Seven Seas Explorer
The newest ship of Regent Seven Seas Cruises, Seven Seas Explorer, is now possibly the world's most luxurious cruiseliner. She visited Amsterdam for the first time at the 16th of june 2017 and is seen here just after leaving the IJmuiden locks.
The first newbuilding since 2003, Seven Seas Explorer is the result of carefull planning by Regent Seven Seas Cruises to introduce a superlative luxury liner. The company gradually grew from its origins as a combine between two small cruiselines in 1990. With every introduction since their debut, the company increased its profile and kept to its origins, truly dedicated to their clients expectations. Starting as a very small combine with only two ships, they now operate a fleet of four, but all are in the worlds top ratings.
Construction and general statistics
At the 21st of january 2015, the keel for this ship was laid at the Fincantieri-owned Sestri-Ponente Yards in Genoa, Italy. The ship has a tonnage of 55.254, is 224 meters long, 31,10 meters wide and she has a draft of 7,10 meters. There are 13 decks for her lucky 750 passengers and 552 crewmembers. Driven by diesel-electric engines turning two fixed propellers, the ship is capable of a 23,5 knots maximum speed, although her servicespeed normally is 21,7 knots. She flies the flag of the Marshall Islands, homeported in Majuro.
Launched at the 30th of october in 2015, this splendid new liner was delivered to Regent Seven Seas Cruises at the 30th of june in 2016.
Rated as at least one of the most luxurious ships ever built, Regent really perfected their style aboard their newest gem. No expenses have been spared, with a good example for this available in the ginormous Penthouse Regent Suite at deck 14, where the bed alone costs a staggering $150.000! The bed took over a year to make and features a Savoir mattress made from the hair of a horse just bred for this purpose, costing $90.000 alone... Furthermore, the ships interiours are bathing in Italian Carrara marble, stone and gold leaf to really show what this ship is all about. Throughout, to add to the effect even more, 5000 Czech crystal chandeliers are adorning the ships lounges, restaurants, bars and atrium and at least 2200 pieces of art are shown, personally selected by the line's President Frank del Rio. Among those, a Picasso and a Chagall painting that are hung on the double doors entrance to the Regent suite. This 3875 square-feet suite has its own therapy room with ocean-view shower, a pair of heated marble lougers and a sauna and steamroom. Also, the lucky person renting this suite will have the possibility of a luxury car with driver in every port of call.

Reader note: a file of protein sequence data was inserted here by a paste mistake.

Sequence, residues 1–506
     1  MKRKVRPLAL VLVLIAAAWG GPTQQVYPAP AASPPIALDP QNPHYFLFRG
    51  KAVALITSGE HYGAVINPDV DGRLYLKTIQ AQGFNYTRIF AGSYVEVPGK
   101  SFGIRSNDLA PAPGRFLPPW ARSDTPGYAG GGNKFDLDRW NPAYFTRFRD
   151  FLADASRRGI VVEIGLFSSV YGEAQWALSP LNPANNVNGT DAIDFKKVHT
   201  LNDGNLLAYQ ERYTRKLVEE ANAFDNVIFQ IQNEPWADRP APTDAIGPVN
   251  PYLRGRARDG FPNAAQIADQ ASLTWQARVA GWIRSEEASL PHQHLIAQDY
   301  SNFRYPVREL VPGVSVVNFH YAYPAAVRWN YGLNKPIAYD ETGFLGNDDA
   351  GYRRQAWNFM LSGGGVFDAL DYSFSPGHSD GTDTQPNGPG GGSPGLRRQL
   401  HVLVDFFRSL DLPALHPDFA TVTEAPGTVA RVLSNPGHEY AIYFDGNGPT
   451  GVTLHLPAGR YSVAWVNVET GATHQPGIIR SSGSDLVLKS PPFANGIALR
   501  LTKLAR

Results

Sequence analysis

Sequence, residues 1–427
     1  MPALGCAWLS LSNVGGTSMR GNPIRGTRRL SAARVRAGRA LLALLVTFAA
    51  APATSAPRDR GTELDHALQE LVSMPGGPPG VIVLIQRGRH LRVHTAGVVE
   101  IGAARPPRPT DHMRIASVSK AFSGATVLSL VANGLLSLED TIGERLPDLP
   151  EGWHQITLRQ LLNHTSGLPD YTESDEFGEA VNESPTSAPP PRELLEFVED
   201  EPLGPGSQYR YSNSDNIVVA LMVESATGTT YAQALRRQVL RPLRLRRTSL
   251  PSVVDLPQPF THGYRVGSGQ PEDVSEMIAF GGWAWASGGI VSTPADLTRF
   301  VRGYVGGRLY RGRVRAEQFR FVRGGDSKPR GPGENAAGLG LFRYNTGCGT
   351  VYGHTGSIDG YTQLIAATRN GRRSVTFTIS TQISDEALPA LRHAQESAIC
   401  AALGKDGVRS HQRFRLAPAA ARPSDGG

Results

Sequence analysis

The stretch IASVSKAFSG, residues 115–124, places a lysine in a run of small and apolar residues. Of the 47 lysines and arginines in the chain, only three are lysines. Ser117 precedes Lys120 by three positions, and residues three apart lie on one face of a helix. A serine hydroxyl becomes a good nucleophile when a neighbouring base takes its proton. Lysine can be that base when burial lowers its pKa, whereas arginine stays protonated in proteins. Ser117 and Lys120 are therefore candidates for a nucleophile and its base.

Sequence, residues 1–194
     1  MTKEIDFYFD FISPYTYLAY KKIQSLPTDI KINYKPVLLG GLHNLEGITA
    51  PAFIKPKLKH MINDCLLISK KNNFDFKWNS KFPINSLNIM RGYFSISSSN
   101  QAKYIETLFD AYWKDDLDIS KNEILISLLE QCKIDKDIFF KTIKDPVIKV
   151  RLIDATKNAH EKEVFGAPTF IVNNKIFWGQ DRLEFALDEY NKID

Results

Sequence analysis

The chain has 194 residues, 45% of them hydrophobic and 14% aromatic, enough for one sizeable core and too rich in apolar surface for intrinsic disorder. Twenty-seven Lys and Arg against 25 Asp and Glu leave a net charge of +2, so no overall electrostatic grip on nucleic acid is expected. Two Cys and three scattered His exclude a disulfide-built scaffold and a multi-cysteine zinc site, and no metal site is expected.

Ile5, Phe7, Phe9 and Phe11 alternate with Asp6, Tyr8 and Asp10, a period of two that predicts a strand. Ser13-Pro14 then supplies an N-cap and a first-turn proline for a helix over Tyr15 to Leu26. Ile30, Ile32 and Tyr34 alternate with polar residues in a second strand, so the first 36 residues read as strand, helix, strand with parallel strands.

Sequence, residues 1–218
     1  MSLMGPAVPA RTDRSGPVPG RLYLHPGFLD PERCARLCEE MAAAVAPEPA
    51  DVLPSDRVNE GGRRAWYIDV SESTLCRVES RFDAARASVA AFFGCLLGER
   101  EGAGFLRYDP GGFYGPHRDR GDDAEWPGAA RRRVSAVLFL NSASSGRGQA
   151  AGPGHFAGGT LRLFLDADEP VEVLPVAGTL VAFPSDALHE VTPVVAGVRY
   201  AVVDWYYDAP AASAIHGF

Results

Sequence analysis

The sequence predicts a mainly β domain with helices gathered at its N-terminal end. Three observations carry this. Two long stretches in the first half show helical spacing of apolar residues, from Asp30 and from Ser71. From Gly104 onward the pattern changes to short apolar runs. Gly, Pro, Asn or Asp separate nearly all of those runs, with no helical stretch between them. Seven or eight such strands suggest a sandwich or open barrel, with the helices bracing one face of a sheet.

The pooldeck is furnished with canopied bathingpods and privacy curtains. The art-nouveau inspired Chartreuse Restaurant has a window-facing wall of goldleaf patterning with microscopic crystal beads made in Chicago and shipped over to the wharf in Italy. At the Pan-Asian Pacific Rim Restaurant, diners pass a drum-shaped sculpture based on a Tibetan prayer wheel. To support the massive sculpture, the deck is re-inforced as it weighs more then a luxury car. Inside the 86-seat restaurant, the windows have lotus-flower inspired windowframes, a hand-painted mural, mirrored walls and olive-green seating.
It had been the first ship launched for the line since 2003 and with Seven Seas Explorer, they really tried to go for the best in the world, rating the ship higher then 5-star plus. Of course, this wasn't for free, as the 55.000-ton ship costed around $450 million. Sailing her is also not available to everyone, unless you plan to win some sort of lottery soon...
At the 16th of july 2016, Seven Seas Explorer was named by Princess Charlene of Monaco, of course also in Monaco. At the same evening, the ship departed for her Maiden Voyage, a 14-night Mediterranean cruise ending in Venice. Throughout the rest of the season, she kept sailing the Mediterranean, before repositioning to the Caribbean for the winterseason. In late spring of 2017, the ship again headed back to Europe, but this time taking on more northerly courses.